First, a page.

(When I speak of my own business as "little," by that I mean I have a business model based on working a minimum amount of hours with a maximum level of profit. I'm not intending to build an empire or manage a staff or become a millionaire. My goals – which may be unlike most people's – are to continue to generate a comfortable profit doing what I love, working a few hours a day. Your goals may be bigger than mine, why not!)
In any case, the Internet offers possibilities for everyone with good ideas. Here's what the Internet gurus will all tell you how to strike gold on the Web:
- First you have to be able to solve a problem that a group of people have (you have to have a "big fat idea").
- Next you have to be able to reach those people with the problem.
- Then you must attract their attention (content, video, audio, etc.)
- Build a relationship with readers so they know, like and trust you (KLT factor)
- Persuade them to take action (content marketing, calls to action)
- Deliver your solution seamlessly
- Follow up with them to ensure customer satisfaction and pave the way to more sales
- Soak, Rinse, repeat
It's 2009 and we've learned a few things in the last 10 years about Internet marketing and using content to attract, sell and profit online.
(Or have we? I'm rereading The Cluetrain Manifesto published 10 years ago, and am amazed we're still talking about and teaching the same concepts that were new then, as if they were new today! …but more about that in another post.)
The waves of people who discover the Internet and want to make money online keeps growing. Maybe it has something to do with Baby Boomers getting to an age where they start facing retirement but are too alert and active to really want to go out to pasture. Surely the economy is pushing people to look for ways to supplement incomes.
So it's 2009 and suddenly you realize you know enough about computers and software systems to take your entrepreneurial spirit online! Bravo! Then you go online and … you read a few blogs like Copyblogger… and YIKES! What the heck is Twitter?
If you don't get a little feeling of panic about what the Web is doing these days with all the social media sites and feel like you need to do some serious catching up, then you're not normal. It's crazy.
It's okay. There's nothing wrong with you and there's nothing you can't get up to speed about with a little research. However, the latest reports tell us that most online businesses must (at a minimum) master:
- Business blogging (content, content, content)
- Twitter (social networking)
- Search engine optimization & keyword utilization (organic or paid)
And that's on top of all you need to do about "your big fat idea," the one you were so excited about selling online.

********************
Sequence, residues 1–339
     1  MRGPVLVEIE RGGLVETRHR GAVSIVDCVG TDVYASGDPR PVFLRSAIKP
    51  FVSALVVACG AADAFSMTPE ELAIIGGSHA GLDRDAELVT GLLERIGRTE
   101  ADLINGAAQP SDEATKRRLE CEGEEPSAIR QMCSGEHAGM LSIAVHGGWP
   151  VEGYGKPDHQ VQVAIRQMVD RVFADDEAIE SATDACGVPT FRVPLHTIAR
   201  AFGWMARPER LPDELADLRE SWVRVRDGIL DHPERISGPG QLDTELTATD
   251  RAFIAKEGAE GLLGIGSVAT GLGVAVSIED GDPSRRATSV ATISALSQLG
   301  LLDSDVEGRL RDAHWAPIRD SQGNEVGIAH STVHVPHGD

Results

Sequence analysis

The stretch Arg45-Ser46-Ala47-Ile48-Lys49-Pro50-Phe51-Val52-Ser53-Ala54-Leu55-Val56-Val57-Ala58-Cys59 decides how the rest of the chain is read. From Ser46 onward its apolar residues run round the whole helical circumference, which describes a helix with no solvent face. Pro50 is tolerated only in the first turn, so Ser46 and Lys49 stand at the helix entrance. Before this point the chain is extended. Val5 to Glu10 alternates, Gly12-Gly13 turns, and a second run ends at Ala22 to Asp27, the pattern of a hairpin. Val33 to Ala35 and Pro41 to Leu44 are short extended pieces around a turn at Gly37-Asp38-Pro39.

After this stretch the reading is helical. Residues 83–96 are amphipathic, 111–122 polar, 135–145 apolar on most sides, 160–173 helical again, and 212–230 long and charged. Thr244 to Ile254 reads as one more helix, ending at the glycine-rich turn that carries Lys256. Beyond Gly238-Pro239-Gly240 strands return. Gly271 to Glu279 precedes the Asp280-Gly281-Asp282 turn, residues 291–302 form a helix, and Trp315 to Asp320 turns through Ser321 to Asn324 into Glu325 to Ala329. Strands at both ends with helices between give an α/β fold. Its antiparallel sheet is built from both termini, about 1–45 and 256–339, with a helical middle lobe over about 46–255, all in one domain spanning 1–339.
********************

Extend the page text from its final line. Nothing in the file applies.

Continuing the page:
Expecting to manage all this yourself is a little…insane.
You're going to have to find help. I don't advise you to go it alone. Sure, you can. The systems are so user-friendly these days that it's a no-brainer to set up a blog and start writing. But there's more to it than that. Much more.
Even blogging, for example, is time consuming. I used to tell my blog clients to post in 20-30 minutes a day, and that's including linking to other sites, adding a photo. I don't say that anymore.
Just look at this post. I set aside a full hour to write it, and that's past. It will be more like 2 hours before I'm finished linking and adding photos and editing it down to a reasonable length.
Even Brian Clark at Copyblogger stopped writing all his posts himself a couple of years ago. He brought on guest writers and now has a team of regular writers. For good reason.
Building and maintaining a blog is a lot of work. Every day you have to publish a piece of insightful content that brings value to your readers. You have to promote it, respond to comments and emails from readers.
Even if you're not a top blogger with thousands of readers, even if you're small potatoes like I am here with this blog, it takes time and energy. And although it pays off, it doesn't exactly pay, i.e. I don't get a paycheck for blogging.
And you must be blogging for your business if you want to be profitable. The solution is in getting qualified guest writers and partners to team up with. Where do you do that? Use the power of the Web. Use Twitter, use blogging, and use your networks.
To learn more about the Future of Online Content, I suggest you download The Outsourcing Conspiracy by Jon Morrow and Brian Clark. Then download their free chapters of Partnering Profits: How to succeed in Online Business using Joint Ventures, Creative Collaboration and Other Smart Partnering Strategies.
P.S. I'm looking for guest writers for this blog. If you have expertise in blogging about e-newsletters, business blogging, search engine copywriting and content marketing, please email me.
P.S.S. What have been your own experiences with taking a big fat idea online and trying to make a profit? Hit the comment link and share.